Sir Roger Penrose is an
Oxford
University
superstar-theorist whose ideas have spanned an amazing breadth of territory,
ranging from geometrical tiling to the nature of human consciousness to the
structure of space-time.At age 87
he is still going strong, and for thel last decade has been promoting and
investigating a radical new theory, Conformal Cyclic Cosmology (or CCC), which
is based on general relativity and which concerns itself with the origins of our
universe and its predecessors.I
find CCC to be a very interesting take on cosmology, but I'm afraid that it
has some fatal flaws.

Basically, Penrose observes that during the
evolution of an open Friedmann-Lemaître-Robertson-Walker universe like ours,
starting from the initial singularity of the Big Bang and ending with infinite
expansion to timelike infinity, there are two distinct eras in which the
universe lacks any way of "building a clock" to measure time, and so time
itself becomes meaningless.One of
these eras is the initial singularity of the early universe, in which time is
infinitely dilated by gravity. The
other is the exponential expansion to toward timelike infinity of the very late
universe, the era after all protons have decayed to leptons, all black holes
have evaporated into Hawking radiation, and all that remain in the expanding
universal blackness are massless photons and gravitational radiation travelling
at the speed of light.Massless
wave-particles like electromagnetic and gravitational waves do not have "clocks" because they travel at light speed, so that in their rest fames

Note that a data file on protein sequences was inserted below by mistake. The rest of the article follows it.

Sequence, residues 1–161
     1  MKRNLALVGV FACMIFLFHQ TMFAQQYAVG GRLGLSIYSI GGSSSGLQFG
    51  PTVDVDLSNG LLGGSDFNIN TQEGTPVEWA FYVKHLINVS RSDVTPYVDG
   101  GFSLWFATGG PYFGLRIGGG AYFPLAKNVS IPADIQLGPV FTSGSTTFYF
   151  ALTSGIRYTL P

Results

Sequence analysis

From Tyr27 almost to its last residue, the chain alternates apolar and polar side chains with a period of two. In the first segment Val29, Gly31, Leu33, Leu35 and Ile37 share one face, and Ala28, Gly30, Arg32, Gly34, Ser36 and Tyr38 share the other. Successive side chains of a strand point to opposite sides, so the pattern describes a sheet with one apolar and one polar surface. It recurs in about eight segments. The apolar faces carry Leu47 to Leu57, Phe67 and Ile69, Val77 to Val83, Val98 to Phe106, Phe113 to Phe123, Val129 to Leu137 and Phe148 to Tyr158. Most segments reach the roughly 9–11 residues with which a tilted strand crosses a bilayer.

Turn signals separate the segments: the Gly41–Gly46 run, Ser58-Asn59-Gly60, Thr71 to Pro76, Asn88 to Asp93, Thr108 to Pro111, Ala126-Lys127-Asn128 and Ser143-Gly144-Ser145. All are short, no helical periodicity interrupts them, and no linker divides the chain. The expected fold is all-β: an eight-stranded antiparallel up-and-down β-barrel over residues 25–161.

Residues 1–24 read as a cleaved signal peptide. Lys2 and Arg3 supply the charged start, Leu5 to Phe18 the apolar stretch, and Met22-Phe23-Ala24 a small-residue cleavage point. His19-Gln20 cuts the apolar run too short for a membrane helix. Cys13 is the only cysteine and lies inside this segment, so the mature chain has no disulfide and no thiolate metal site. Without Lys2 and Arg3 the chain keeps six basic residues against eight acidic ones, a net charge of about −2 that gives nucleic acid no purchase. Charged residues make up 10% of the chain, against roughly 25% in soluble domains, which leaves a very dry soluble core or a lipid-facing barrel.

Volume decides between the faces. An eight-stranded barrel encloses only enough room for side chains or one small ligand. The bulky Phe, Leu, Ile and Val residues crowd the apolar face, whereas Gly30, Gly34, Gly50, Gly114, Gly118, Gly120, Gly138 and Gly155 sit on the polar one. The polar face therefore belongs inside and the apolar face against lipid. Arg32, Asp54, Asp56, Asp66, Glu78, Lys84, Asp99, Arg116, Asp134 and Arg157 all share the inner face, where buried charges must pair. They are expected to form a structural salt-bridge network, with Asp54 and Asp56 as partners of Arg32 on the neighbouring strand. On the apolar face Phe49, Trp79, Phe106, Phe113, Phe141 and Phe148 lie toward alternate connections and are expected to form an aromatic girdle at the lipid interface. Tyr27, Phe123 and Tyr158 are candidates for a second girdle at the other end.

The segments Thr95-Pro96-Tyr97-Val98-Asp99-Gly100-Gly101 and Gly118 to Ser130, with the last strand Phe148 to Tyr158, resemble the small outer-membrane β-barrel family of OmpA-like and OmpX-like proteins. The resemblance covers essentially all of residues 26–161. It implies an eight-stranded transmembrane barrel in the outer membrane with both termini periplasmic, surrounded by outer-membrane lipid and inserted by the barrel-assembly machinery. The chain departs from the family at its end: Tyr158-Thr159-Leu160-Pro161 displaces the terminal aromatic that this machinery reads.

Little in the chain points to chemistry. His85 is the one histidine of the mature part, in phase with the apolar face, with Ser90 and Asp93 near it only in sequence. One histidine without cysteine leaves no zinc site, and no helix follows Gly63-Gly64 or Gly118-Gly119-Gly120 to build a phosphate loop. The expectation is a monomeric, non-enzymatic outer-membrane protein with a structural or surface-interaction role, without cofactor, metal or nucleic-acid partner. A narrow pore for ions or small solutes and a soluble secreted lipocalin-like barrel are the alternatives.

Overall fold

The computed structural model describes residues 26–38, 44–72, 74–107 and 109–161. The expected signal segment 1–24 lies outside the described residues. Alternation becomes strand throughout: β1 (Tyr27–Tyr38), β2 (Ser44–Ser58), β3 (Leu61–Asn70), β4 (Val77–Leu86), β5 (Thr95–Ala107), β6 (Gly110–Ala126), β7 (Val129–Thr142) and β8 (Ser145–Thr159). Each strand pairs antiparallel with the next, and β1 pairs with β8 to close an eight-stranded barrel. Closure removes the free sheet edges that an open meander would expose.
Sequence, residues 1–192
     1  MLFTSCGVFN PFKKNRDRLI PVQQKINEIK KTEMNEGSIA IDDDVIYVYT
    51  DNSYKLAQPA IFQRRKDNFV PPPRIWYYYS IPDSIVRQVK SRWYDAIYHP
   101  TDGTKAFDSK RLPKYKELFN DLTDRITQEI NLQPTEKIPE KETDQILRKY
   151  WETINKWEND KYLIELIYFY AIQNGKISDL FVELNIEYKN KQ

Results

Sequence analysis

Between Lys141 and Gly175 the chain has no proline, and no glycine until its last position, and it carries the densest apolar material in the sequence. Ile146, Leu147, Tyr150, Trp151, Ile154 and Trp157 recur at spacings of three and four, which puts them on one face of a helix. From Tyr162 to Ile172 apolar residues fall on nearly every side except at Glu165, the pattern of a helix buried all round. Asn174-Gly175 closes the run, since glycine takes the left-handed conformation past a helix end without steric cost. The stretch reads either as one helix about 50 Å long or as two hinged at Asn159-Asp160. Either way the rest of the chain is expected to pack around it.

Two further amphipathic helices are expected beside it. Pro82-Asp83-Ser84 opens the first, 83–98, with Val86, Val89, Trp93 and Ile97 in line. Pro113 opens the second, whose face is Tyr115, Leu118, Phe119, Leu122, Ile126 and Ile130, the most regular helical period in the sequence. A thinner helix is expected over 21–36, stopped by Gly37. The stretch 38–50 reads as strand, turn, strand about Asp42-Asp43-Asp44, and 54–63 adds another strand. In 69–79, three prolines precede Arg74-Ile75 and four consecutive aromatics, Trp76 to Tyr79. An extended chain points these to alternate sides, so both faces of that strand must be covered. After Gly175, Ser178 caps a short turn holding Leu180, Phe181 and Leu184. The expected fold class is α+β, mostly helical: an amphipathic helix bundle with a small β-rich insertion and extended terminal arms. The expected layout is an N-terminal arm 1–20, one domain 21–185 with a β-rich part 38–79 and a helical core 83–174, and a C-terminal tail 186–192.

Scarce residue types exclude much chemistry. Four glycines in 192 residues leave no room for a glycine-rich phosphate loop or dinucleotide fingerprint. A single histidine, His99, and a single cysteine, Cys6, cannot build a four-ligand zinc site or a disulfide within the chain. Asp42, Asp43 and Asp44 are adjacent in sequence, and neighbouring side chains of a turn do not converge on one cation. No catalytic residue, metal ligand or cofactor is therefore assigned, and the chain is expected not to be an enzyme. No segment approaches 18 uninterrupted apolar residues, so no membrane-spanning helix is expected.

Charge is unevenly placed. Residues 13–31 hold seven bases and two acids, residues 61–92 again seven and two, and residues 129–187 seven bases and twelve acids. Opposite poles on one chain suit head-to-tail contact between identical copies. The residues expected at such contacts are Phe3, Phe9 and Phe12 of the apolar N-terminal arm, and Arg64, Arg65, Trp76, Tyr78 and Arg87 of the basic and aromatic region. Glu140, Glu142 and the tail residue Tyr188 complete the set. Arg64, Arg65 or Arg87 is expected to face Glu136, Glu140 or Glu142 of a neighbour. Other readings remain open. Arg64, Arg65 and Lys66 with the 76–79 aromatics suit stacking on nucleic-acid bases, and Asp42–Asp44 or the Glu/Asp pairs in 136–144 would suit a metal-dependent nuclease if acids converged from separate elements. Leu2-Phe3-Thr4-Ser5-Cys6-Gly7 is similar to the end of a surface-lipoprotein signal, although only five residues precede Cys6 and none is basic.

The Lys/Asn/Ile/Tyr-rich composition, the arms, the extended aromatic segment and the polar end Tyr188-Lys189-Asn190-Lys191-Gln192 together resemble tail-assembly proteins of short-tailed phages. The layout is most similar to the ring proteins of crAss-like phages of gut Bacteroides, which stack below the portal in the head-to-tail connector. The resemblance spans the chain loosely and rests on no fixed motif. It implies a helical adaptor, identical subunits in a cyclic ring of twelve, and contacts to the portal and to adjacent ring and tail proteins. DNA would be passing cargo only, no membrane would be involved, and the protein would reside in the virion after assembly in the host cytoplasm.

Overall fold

time is completely halted.As we say
in physics, if you travel at the speed of light, everything happens at once.

Because of this similarity in the "clocklessness" of these two eras, general relativity theorist Paul Tod
pointed out in 2003 that the initial singularity of the Big Bang can be
conformably mapped into the very late stages of infinite expansion populated
only by massless particles.In some
sense the two eras, even though vastly different in scale, represent the same
timeless conditions.Penrose has
extended Tod's idea by taking the conceptual leap of asserting that this
conformal mapping is not just an interesting similarity.Rather, it is a real and actual
transition.This allows him to
hypothesize the existence of an infinite "daisy chain" of universes, the
very late stage of each predecessor universe transitioning into the initial Big
Bang stage of the next universe in the chain.

It's well known in cosmology that there
is a severe entropy problem with all recycling universe models.This is because the 2^{nd} Law of Thermodynamics requires that
the entropy of the overall system must always progressively increase with time.That implies that every successive universe in such a cyclic chain must
have more entropy and be more disordered than its predecessors.

In the early Big Bang stage of our universe
the gravitational degrees of freedom were very small and restricted, leading to
great uniformity in all regions and very small initial entropy.Penrose argues that the enormous rescaling compression that occurs in the
conformal remapping across the boundary from late infinite expansion to initial
Big Bang singularity resets the entropy of the emerging universe to a very small
value and also accounts for the remarkable uniformity of the early universe.Interestingly, this scenario eliminates the need for assuming an
inflationary phase in the early universe, as is hypothesized by the current LCDM Standard Model of cosmology to account for that uniformity.In other words, the conformal transition of CCC resets the entropy to a
very low value.

Penrose assumes that the massless
speed-of-light "clockless" particles of each previous universe cycle are
carried over to the next cycle, while any massive particles (those with internal
clocks) are removed by decay, particle-antiparticle annihilation, or capture by
black holes, so that they do not participate in the transition to the next
cycle.The transferred
massless particles (photons, gravitons) are integer-spin bosons, while the
non-transferred particles with mass (electrons, neutrinos) are fractional-spin
fermions.I see some serious
problems with Penrose's assumption of the vanishing fermions, which will be
discussed below.

The big problem with most attempts to construct any general theory of